Environmental, social, and governance (ESG) ratings should reflect the risks that such factors pose to a company’s financial performance and how well equipped that company is to manage those risks. Such ratings may assess carbon emissions (E), health and safety in the workplace (S), and executive compensation structures (G), among other criteria.
ESG ratings are predicated on the notion that companies with better ESG scores will exhibit better financial performance over time because they face lower ESG risks, are more adept at managing them, or some combination thereof. As a corollary, assuming markets are efficient, higher ESG ratings should also lead to higher valuations.
So, do better ESG scores correlate with improved financial performance, or better valuations?
There is no simple answer. The literature is diverse and lacks clear consensus. Part of the problem is how to conduct the assessments. Should researchers compare companies in different industries? What role should balance sheet size or market capitalization play? How long is a suitable observation period? What is the proper measure of financial performance — return on assets, net income, operational expenditures (opex) ratios, free cash flow, revenue growth, or some combination? For market valuations, are market prices sufficient, or should they be adjusted for volatility and liquidity? Should the effect of rising (or falling) ESG scores be taken with a lag, and if so, how much of one?
In order to provide a clear, if limited, signal, we formulated a narrow hypothesis: that the bond market views companies with better ESG ratings as better credit risks, and as such, these firms’ corporate bonds should have lower risk-adjusted yields. If the effect is significant, a sample set that adequately reflects the overall market should demonstrate the effect at any given point in time.
We created a universe of large US companies with ESG ratings and with publicly quoted bonds maturing in 2024 and 2025. We selected 10 issuers from each of the 11 sectors defined in the S&P 500 methodology and derived their risk-adjusted yields (credit spreads) by subtracting the comparable maturity US Treasury yield from the current corporate bond yield. We took all our observations from a single two-day period, 6–7 April 2023, and sourced our ESG scores from Sustainalytics.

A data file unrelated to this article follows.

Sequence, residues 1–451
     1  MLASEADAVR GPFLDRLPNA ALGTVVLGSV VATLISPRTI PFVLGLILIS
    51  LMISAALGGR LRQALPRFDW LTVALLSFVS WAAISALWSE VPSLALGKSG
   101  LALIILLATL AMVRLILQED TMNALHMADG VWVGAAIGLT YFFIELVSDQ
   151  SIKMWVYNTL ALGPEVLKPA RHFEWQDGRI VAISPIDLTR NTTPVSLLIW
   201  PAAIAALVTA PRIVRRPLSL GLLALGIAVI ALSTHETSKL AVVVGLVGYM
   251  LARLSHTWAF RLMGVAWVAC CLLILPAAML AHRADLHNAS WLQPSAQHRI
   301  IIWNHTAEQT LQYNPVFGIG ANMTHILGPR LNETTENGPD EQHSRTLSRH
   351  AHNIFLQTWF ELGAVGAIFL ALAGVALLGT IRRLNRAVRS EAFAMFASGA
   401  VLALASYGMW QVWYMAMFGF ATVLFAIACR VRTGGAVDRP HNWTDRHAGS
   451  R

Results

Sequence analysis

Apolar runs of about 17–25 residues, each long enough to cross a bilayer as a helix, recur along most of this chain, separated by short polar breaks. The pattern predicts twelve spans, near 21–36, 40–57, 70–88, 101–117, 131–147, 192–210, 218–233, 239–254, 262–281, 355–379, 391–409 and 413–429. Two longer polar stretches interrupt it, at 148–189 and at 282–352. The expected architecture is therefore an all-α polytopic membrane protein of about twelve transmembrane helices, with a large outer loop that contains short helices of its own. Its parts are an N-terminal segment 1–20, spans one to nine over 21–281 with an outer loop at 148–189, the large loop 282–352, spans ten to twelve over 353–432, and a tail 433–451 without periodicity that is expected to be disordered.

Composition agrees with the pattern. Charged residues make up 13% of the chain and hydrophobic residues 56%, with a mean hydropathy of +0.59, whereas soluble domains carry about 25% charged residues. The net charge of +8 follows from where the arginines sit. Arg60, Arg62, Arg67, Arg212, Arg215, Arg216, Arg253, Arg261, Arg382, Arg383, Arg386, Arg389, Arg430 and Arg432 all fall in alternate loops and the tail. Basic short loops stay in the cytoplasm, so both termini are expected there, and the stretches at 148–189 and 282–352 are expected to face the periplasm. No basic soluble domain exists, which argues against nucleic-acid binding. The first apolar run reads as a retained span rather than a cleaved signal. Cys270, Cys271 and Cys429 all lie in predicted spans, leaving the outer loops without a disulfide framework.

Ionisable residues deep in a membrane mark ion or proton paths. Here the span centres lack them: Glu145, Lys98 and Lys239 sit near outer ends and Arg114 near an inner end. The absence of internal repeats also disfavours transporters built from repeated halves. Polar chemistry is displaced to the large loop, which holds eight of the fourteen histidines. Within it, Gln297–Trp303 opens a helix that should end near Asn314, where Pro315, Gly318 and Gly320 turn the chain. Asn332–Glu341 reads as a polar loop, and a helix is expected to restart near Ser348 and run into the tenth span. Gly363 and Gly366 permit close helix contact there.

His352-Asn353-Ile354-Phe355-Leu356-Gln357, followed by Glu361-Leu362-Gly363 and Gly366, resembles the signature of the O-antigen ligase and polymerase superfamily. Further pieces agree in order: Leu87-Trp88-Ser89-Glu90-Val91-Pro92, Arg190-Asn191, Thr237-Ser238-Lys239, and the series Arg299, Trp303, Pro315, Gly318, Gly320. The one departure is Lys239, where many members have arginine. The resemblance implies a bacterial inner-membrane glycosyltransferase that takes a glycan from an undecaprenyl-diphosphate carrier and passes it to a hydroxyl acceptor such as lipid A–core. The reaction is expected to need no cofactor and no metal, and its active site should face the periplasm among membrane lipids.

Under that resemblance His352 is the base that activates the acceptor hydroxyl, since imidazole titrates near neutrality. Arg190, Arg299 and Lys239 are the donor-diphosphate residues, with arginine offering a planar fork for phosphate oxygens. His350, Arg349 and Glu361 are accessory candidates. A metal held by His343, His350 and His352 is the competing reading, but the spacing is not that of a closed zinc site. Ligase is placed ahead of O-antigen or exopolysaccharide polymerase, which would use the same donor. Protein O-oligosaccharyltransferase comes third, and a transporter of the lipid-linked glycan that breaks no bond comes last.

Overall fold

According to our hypothesis, corporate bond credit spreads should have a negative correlation with ESG ratings. After all, better ESG ratings should result in higher bond prices and thus lower risk-adjusted yields.
But that is not what we found. There was, in fact, no significant correlation. As the graphic below demonstrates, our results show wide dispersion and an R-squared of only 0.0146. In fact, since Sustainalytics uses an inverse rating scale in which lower scores indicate better ratings, the line of best fit actually slopes away from our hypothesis. That is, better ESG ratings actually correlate with higher credit spreads.
Company ESG Scores vs. Risk-Adjusted Bond Yield
The correlation coefficients varied substantially by sector. Utilities and four other sectors show some support for the hypothesis, or positive correlation, given the inverse ESG ratings scale. Communications Services and four other sectors support the contrary view, that better ESG ratings are associated with higher yields. Of course, with only 10 issuers per sector, these results may not be indicative.
Correlations by Sector
Why might bond investors ignore ESG scores when making investment decisions? Several factors could be at work. First, credit rating practices are well-developed, and credit rating agencies are far more consistent in their determinations than ESG rating agencies. So, bond investors may feel that ESG scores add little to their credit risk assessments.
Also, even if bond investors believe ESG scores convey real information, they may not view the risks such metrics measure as the most salient. The bond buyer is concerned first and foremost with the company’s contractual obligation to make debt service payments in full and on time. So, while employee diversity and the structure of the board of directors may loom large in ESG ratings, bond buyers may not view them as especially critical.
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All posts are the opinion of the author. As such, they should not be construed as investment advice, nor do the opinions expressed necessarily reflect the views of CFA Institute or the author’s employer.
Image credit: ©Getty Images /Liyao Xie
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